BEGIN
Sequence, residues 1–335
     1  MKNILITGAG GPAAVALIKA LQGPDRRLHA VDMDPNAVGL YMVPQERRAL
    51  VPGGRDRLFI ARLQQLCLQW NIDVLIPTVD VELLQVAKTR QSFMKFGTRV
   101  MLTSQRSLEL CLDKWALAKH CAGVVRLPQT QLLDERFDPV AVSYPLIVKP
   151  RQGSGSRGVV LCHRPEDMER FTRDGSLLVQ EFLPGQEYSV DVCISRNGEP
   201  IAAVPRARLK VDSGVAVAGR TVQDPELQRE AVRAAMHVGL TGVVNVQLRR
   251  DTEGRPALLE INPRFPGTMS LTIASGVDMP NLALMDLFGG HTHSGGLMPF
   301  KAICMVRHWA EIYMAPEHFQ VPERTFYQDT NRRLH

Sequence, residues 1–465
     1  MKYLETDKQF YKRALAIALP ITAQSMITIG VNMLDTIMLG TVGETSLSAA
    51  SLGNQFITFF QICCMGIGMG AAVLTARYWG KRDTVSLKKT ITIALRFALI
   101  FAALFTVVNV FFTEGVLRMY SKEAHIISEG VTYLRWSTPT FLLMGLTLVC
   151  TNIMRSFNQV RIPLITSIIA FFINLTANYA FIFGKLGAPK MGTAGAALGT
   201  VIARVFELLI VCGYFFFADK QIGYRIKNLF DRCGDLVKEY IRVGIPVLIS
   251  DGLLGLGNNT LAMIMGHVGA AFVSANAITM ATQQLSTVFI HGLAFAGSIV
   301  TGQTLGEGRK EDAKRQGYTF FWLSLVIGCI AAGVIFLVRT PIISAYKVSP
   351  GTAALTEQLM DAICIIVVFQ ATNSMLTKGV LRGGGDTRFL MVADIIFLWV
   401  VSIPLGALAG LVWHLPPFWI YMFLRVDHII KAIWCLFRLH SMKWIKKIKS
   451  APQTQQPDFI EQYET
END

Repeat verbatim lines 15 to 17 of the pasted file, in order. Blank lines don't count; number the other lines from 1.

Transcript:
   251  DGLLGLGNNT LAMIMGHVGA AFVSANAITM ATQQLSTVFI HGLAFAGSIV
   301  TGQTLGEGRK EDAKRQGYTF FWLSLVIGCI AAGVIFLVRT PIISAYKVSP
   351  GTAALTEQLM DAICIIVVFQ ATNSMLTKGV LRGGGDTRFL MVADIIFLWV